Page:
“Prince Willie” is one of the younger residents of Harry Hope’s and also one of the most severely alcoholic, to the point that the rest of the gang regards him with pity. When deprived of booze, he suffers violently from delirium tremens (“the shakes”) and night terrors. He is consumed by his relationship with his now-deceased father, who made a fortune in the bucket shop game (an illegal establishment for betting on the stock market) but was eventually exposed and died in prison. Willie was once a brilliant student at Harvard and later at law school, under his father’s dictatorial guidance, but now has no practice except occasionally holding court in Harry’s back room. His grandiose humor and impoverished appearance often make him the subject of ridicule, but he is a member of the family nonetheless.
James Cameron (“Jimmy Tomorrow”)
Gentle Scotsman Jimmy Tomorrow is affectionately known as the “Leader of the Tomorrow Movement” at Harry Hope’s. He truly believes that he is going to spruce up and put up a good front and get his old job in the newspaper’s publicity department back—tomorrow. In his heyday, Jimmy was a journalist for an English paper and a correspondent in the Boer War. Jimmy remembers his travels and his time in Britain with a fond sentimentality, and often chides Cecil and Piet for discussing the more savage points of the conflict. Jimmy also fondly recalls his ex-wife Marjorie, who had a “beautiful voice and played the piano beautifully,” but whose infidelities, he claims, set him on a path to drunkenness.
Even in 1912, a time in the United States when the Anarchist Movement was a hub for serious political dissidence and a threat to public safety, it is hard to believe that Hugo was ever a “dangerous terrorist” or “demon bomb-tosser.” A one-time editor of anarchist periodicals, Hugo spent 10 years in prison in his home country for his beliefs and is half-blind from so much time spent in solitary confinement. Nowadays, he spends most of his time passed out at a table in Harry Hope’s, occasionally waking up to condemn his fellow inmates as traitors and bourgeois capitalists, to quote revolutionary poetry or to demand a drink. His outbursts reveal a certain amount of confusion about his position as an anarchist; his love for the proletariat is tempered by a desire to rule them, his hatred of bourgeois values tainted with hifalutin opinions on wine. As Larry Slade sadly notes, “No one takes him seriously. That’s his epitaph. Not even his comrades anymore.”
As Harry’s night bartender, Rocky is responsible for keeping order among the bums and supervising the flow of alcohol. Harry seems to perceive him as a petty criminal who is constantly skimming the cash register, but it is unclear whether Rocky is actually a crook or if these accusations are part of Harry’s general tendency to grouch. Rocky makes his real money from his two tarts, Margie and Pearl, who turn in their profits to him at the end of a hard night’s work. Rocky insists fervently that he is not a pimp, as he treats his girls well, never beats them up and doesn’t live off the money they bring in. Unlike most of the other denizens of Harry Hope’s, Rocky has no particular fondness for booze and will more often indulge in a cigar if someone else is buying.
Margie and Pearl
In a time when the average day for a working girl was 12 to 14 hours and factories had no regulations with regards to fire safety and decent working conditions, many women turned to the oldest profession in the world as a safer, easier and more lucrative way to make a living. Margie and Pearl are two such girls, although they insist that they are not whores; they are merely tarts. Whereas “whore” always meant a person who has sex for money, “tart” might simply imply a woman who dresses provocatively or is sexually promiscuous. In 1912, prostitution had just become effectively illegal under the White-Slave Traffic Act (Mann Act) of 1910, and so the girls are dependent on Rocky to pay off the police so “they can hustle without getting pinched.”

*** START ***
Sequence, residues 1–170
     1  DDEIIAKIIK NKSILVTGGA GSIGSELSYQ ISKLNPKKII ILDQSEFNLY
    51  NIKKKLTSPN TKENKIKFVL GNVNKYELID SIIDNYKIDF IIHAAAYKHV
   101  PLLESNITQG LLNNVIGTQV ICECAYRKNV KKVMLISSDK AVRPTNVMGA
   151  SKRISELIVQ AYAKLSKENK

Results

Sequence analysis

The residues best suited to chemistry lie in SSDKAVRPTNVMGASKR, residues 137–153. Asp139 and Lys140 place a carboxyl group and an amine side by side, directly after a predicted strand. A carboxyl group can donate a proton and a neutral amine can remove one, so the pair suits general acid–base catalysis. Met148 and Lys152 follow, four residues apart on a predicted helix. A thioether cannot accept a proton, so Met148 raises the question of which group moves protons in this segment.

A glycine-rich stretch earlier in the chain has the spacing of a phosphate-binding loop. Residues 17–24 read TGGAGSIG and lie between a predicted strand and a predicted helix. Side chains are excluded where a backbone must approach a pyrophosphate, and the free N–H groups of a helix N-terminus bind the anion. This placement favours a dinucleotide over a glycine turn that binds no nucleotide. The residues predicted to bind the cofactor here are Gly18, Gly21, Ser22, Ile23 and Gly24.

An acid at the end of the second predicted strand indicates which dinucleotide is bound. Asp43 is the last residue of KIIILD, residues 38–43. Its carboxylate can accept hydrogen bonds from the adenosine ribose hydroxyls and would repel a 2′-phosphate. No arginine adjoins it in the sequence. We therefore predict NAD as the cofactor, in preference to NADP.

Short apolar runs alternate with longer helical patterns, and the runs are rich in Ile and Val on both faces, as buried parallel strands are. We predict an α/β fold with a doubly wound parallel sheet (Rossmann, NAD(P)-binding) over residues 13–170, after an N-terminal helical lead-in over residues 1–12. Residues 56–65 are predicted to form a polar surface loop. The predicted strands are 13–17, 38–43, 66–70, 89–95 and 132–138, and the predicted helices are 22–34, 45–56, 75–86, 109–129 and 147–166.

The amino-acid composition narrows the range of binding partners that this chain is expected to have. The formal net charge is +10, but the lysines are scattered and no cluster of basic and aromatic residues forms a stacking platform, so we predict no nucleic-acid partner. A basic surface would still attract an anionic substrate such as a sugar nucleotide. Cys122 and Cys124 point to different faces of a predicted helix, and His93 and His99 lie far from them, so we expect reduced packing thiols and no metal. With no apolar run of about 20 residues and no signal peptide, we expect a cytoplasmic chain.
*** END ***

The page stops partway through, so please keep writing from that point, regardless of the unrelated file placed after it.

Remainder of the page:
Chuck Morello and Cora
Chuck is the day bartender at Harry Hope’s. Cora is his long-term girlfriend and they room together in the saloon. Cora works as a street walker and she has considerably more experience than Margie and Pearl. They dream of giving up city life, getting married and buying a farm together, despite the fact that according to Rocky, “bot’ of ‘em was dragged up in dis ward and ain’t never been nearer a farm dan Coney Island!” At the time, there was a certain amount of romanticization around the idea of farm life and simple rural living. Chuck has a habit of going on “periodical drunks” (long stints of binge drinking) and getting in fights, but frequently goes “on the wagon for life” to appease Cora.
When Don arrives at Harry Hope’s looking for Larry, his fancy clothes and stingy attitude to buying drinks immediately mark him as an outsider. He was raised in the Movement, the only son of Rosa Parritt, a prominent anarchist and a former lover of Larry’s. Rosa was recently arrested with a group of other anarchists in connection with a bombing on the West Coast that killed several people. Don has fond memories of living with Larry and has travelled all the way to New York to seek him out in this time of crisis.
|Nathan Lane as Theodore “Hickey” Hickman, the quintessential purveyor and slayer of pipe dreams, in Eugene O’Neill’s The Iceman Cometh directed by Robert Falls at Goodman Theatre.
Theodore “Hickey” Hickman
Hickey, a traveling salesman and an effervescent charmer, only comes to Harry Hope’s occasionally, but when he does, he buys drinks for everyone. He also throws a rip-roaring birthday party for Harry each year, an event the other men eagerly await. Raised in a “hick burg” in Indiana, Hickey married his childhood sweetheart, Evelyn. A devoted, loyal wife, Evelyn has always forgiven Hickey’s drunkenness and infidelities. When he’s in the saloon, Hickey frequently jokes that Evelyn is “in the hay with the iceman,” but as far as we can tell, she has never been unfaithful to him.